Knockout Rats via Embryo Microinjection of Zinc-Finger Nucleases
It is demonstrated that a single injection of DNA or messenger RNA encoding ZFNs into the one-cell rat embryo leads to a high frequency of animals carrying 25 to 100% disruption at the target locus.
New fusion protein systems designed to give soluble expression in Escherichia coli.
- G. Davis, C. Elisee, D. Newham, R. Harrison
- BiologyBiotechnology and Bioengineering
- 20 November 1999
Three native E. coli proteins-NusA, GrpE, and bacterioferritin (BFR)-were studied in fusion proteins expressed in E. coli for their ability to confer solubility on a target insoluble protein at the…
High-frequency genome editing using ssDNA oligonucleotides with zinc-finger nucleases
- Fuqiang Chen, Shondra M. Pruett-Miller, G. Davis
- BiologyNature Methods
- 1 September 2011
Methods for using simple ssDNA oligonucleotides in tandem with ZFNs to efficiently produce human cell lines with three distinct genetic outcomes: targeted point mutation, targeted genomic deletion of up to 100 kb and targeted insertion of small genetic elements concomitant with large genomic deletions.
Functional genomics, proteomics, and regulatory DNA analysis in isogenic settings using zinc finger nuclease-driven transgenesis into a safe harbor locus in the human genome.
- Russell Dekelver, Vivian M. Choi, F. Urnov
- BiologyGenome Research
- 1 May 2010
The use of designed zinc finger nucleases (ZFNs) for efficient transgenesis without drug selection into the PPP1R12C gene, a "safe harbor" locus known as AAVS1, allows bona fide isogenic settings for high-throughput functional genomics, proteomics, and regulatory DNA analysis in essentially any transformed human cell type and in primary cells.
Actin and dynamin2 dynamics and interplay during clathrin-mediated endocytosis
- A. Grassart, Aaron T. Cheng, D. Drubin
- BiologyJournal of Cell Biology
- 9 June 2014
Actin assembly influences the precise temporal and quantitative recruitment of dynamin2 to sites of clathrin-mediated endocytosis.
Targeted activation of diverse CRISPR-Cas systems for mammalian genome editing via proximal CRISPR targeting
- Fuqiang Chen, Xiao Ding, Yongmei Feng, Timothy Seebeck, Yanfang Jiang, G. Davis
- BiologyNature Communications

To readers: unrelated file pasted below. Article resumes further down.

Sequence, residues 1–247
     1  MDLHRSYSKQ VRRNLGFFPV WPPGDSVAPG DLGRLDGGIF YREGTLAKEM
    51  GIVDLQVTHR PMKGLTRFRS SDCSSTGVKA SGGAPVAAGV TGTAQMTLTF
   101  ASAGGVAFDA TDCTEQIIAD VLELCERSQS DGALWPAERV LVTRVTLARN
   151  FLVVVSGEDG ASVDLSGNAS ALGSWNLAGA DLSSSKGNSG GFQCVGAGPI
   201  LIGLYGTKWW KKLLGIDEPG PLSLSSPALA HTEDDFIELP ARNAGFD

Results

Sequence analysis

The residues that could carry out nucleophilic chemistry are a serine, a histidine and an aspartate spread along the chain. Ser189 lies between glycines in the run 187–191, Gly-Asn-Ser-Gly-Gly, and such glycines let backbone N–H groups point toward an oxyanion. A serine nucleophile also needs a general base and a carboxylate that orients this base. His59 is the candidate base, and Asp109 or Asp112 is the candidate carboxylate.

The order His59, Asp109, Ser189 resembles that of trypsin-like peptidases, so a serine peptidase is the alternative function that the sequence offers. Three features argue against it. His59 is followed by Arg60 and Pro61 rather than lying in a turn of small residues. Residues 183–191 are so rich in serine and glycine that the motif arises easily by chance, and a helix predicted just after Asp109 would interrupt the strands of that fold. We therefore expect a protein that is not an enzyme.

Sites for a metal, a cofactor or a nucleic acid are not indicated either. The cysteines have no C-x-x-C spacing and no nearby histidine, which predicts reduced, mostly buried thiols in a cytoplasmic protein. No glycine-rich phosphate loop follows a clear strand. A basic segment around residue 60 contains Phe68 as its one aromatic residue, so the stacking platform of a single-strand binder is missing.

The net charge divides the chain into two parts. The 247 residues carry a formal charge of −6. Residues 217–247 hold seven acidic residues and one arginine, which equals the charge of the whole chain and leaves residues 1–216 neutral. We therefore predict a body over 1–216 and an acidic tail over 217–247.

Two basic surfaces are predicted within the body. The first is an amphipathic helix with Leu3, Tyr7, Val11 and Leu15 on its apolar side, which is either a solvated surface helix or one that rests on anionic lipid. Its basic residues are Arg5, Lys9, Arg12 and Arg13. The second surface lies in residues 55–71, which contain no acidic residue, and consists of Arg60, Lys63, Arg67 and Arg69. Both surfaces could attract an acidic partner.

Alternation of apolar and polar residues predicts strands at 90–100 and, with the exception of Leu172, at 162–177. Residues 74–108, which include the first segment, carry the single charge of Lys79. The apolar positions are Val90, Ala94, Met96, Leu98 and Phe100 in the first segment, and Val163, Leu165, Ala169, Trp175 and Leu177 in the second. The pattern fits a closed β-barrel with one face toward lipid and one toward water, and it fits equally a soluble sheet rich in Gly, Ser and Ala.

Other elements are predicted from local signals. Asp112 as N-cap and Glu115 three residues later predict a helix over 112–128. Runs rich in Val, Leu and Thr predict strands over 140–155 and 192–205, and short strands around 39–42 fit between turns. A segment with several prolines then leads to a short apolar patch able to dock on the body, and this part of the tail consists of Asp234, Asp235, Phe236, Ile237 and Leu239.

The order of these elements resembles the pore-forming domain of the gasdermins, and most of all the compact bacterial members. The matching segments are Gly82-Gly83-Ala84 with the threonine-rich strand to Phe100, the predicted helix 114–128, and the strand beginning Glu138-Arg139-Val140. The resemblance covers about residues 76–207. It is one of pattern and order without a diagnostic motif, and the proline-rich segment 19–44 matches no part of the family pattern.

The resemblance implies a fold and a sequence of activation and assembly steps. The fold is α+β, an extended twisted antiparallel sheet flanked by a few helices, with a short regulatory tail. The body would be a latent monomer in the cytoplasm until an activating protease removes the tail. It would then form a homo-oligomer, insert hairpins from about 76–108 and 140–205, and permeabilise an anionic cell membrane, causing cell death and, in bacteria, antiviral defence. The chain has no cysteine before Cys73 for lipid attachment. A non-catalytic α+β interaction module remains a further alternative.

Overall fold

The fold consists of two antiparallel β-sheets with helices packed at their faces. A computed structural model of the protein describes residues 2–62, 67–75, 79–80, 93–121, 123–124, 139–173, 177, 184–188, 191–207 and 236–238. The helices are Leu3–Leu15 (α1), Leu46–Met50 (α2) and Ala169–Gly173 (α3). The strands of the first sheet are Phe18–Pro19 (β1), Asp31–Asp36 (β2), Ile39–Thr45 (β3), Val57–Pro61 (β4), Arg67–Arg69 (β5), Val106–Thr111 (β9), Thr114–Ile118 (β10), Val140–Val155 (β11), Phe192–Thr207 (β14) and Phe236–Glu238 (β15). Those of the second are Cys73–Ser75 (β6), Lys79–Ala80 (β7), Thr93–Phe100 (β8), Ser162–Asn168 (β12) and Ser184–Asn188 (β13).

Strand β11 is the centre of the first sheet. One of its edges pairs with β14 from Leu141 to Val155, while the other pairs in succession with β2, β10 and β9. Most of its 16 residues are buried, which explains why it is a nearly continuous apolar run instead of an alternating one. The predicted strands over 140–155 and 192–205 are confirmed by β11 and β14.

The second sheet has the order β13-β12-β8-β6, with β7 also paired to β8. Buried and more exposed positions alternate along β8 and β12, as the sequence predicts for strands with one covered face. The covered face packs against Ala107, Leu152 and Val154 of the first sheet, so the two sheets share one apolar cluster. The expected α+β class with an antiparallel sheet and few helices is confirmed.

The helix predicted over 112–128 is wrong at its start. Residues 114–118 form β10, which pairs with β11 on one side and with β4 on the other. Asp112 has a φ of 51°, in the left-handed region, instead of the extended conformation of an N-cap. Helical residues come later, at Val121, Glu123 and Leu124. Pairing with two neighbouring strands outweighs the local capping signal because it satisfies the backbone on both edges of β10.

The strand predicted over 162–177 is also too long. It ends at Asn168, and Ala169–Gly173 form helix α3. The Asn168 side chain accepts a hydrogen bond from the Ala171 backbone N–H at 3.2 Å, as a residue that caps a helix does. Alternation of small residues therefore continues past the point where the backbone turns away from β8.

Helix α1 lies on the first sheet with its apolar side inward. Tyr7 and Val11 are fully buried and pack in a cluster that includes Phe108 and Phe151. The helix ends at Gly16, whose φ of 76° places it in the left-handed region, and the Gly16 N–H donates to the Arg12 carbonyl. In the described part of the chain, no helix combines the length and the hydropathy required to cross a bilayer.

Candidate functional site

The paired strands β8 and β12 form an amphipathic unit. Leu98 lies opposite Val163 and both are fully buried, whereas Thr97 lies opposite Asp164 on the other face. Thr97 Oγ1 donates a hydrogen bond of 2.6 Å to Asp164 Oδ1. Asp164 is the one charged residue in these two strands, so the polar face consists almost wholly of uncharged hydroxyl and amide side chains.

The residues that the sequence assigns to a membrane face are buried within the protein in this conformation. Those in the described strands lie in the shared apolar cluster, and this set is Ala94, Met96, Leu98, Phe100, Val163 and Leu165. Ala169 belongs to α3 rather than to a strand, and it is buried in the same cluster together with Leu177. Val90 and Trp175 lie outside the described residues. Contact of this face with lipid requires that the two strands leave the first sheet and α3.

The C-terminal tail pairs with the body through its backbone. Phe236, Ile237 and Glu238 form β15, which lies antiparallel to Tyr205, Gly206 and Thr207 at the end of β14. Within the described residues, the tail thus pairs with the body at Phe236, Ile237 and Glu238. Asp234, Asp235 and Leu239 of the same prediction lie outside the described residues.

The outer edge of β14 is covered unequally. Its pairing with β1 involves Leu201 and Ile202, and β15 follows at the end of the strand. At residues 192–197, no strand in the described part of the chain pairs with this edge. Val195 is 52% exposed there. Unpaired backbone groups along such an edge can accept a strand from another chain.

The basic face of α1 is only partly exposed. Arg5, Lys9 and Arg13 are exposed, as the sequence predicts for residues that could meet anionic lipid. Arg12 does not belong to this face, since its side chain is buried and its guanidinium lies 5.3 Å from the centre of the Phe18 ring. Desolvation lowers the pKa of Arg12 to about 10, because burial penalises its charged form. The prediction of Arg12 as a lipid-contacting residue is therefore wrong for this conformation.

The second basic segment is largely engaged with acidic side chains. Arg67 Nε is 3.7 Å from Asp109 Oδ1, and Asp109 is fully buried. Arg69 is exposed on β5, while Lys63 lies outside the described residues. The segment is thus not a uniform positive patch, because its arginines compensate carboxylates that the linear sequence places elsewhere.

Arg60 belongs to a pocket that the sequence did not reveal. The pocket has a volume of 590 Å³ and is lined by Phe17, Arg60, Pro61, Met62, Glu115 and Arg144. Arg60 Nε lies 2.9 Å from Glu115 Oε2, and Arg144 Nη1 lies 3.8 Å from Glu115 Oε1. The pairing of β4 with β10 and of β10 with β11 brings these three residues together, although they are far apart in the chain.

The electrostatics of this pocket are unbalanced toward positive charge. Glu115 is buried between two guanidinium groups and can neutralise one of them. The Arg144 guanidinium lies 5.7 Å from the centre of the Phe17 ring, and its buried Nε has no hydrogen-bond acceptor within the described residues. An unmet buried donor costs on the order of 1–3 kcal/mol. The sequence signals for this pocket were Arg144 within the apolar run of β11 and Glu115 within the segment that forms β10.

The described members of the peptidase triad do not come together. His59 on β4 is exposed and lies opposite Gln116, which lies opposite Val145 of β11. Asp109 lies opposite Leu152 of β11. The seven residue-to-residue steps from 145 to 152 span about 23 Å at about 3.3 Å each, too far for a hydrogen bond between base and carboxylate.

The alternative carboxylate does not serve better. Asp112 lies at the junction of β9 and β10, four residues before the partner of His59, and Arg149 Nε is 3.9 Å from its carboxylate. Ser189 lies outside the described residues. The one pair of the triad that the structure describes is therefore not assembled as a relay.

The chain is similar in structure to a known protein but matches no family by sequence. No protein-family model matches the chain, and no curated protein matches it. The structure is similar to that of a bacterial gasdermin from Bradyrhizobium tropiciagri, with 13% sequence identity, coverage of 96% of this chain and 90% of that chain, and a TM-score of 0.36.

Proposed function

- 7 April 2017
By manipulating local chromatin structures, inhibited Cas9s can have their activity restored in human cells, providing a novel strategy to enable use of diverse otherwise inactive CRISPR–Cas systems for genome-editing applications and a potential path to modulate the impact of chromatin microenvironments on genome modification.
Recombinant production and purification of novel antisense antimicrobial peptide in Escherichia coli.
- C. Haught, G. Davis, R. Subramanian, K. Jackson, R. Harrison
- BiologyBiotechnology and Bioengineering
- 5 January 1998
The yield of the fusion protein after expression by the cells was high, and the percentage recovery of the P2 peptide in the inclusion bodies was relatively low, which appears to be due to losses in the cyanogen bromide digestion step.
High-efficiency genome editing via 2A-coupled co-expression of fluorescent proteins and zinc finger nucleases or CRISPR/Cas9 nickase pairs
- K. Duda, Lindsey A. Lonowski, M. Frödin
- Biology, ChemistryNucleic Acids Research
- 21 April 2014
A broadly applicable and versatile method for increasing editing efficiencies by targeted endonucleases and clustered regularly interspaced short palindromic repeats, including CRISPR/Cas9 mutant nickase pairs, which exhibit low off-target mutagenesis compared to wild-type Cas9.
Enhancing the genome editing toolbox: genome wide CRISPR arrayed libraries
- E. Metzakopian, Alexander J. Strong, A. Bradley
- BiologyScientific Reports
- 22 May 2017
This is the first individually cloned CRISPR-Cas9 genome wide arrayed sgRNA libraries covering 17,166 human and 20,430 mouse genes at a complexity of 34,332 sgRNAs for human and 40,860 sg RNAs for the mouse genome, providing an organized comprehensive gene editing toolbox of considerable scientific value.
Improving CRISPR-Cas9 Genome Editing Efficiency by Fusion with Chromatin-Modulating Peptides.
- Xiao Ding, Timothy Seebeck, Yongmei Feng, Yanfang Jiang, G. Davis, Fuqiang Chen
- BiologyThe CRISPR Journal
- 1 February 2019
Modification of the widely used Streptococcus pyogenes Cas9 by fusion with chromatin-modulating peptides (CMPs), derived from high mobility group proteins HMGN1 and HMGB1, histone H1, and chromatin remodeling complexes, improves its activity by up to several fold, particularly on refractory target sites.